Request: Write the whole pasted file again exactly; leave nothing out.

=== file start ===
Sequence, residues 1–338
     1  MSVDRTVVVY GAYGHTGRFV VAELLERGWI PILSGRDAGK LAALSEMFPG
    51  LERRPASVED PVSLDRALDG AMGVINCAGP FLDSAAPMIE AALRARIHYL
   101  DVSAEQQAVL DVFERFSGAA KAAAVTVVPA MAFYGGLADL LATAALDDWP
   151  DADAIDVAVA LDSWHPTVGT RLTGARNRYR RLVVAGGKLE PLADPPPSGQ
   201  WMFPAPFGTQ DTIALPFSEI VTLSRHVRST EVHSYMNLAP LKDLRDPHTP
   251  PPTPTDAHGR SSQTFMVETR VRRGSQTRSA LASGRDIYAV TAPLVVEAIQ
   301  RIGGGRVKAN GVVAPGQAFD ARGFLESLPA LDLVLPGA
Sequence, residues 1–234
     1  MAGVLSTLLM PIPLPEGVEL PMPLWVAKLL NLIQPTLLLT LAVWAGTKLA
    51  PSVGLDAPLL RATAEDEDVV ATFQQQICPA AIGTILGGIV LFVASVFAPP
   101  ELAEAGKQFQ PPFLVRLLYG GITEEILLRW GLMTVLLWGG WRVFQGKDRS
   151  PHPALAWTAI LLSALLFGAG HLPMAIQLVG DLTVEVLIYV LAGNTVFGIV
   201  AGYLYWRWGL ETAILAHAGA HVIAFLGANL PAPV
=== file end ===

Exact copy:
Sequence, residues 1–338
     1  MSVDRTVVVY GAYGHTGRFV VAELLERGWI PILSGRDAGK LAALSEMFPG
    51  LERRPASVED PVSLDRALDG AMGVINCAGP FLDSAAPMIE AALRARIHYL
   101  DVSAEQQAVL DVFERFSGAA KAAAVTVVPA MAFYGGLADL LATAALDDWP
   151  DADAIDVAVA LDSWHPTVGT RLTGARNRYR RLVVAGGKLE PLADPPPSGQ
   201  WMFPAPFGTQ DTIALPFSEI VTLSRHVRST EVHSYMNLAP LKDLRDPHTP
   251  PPTPTDAHGR SSQTFMVETR VRRGSQTRSA LASGRDIYAV TAPLVVEAIQ
   301  RIGGGRVKAN GVVAPGQAFD ARGFLESLPA LDLVLPGA
Sequence, residues 1–234
     1  MAGVLSTLLM PIPLPEGVEL PMPLWVAKLL NLIQPTLLLT LAVWAGTKLA
    51  PSVGLDAPLL RATAEDEDVV ATFQQQICPA AIGTILGGIV LFVASVFAPP
   101  ELAEAGKQFQ PPFLVRLLYG GITEEILLRW GLMTVLLWGG WRVFQGKDRS
   151  PHPALAWTAI LLSALLFGAG HLPMAIQLVG DLTVEVLIYV LAGNTVFGIV
   201  AGYLYWRWGL ETAILAHAGA HVIAFLGANL PAPV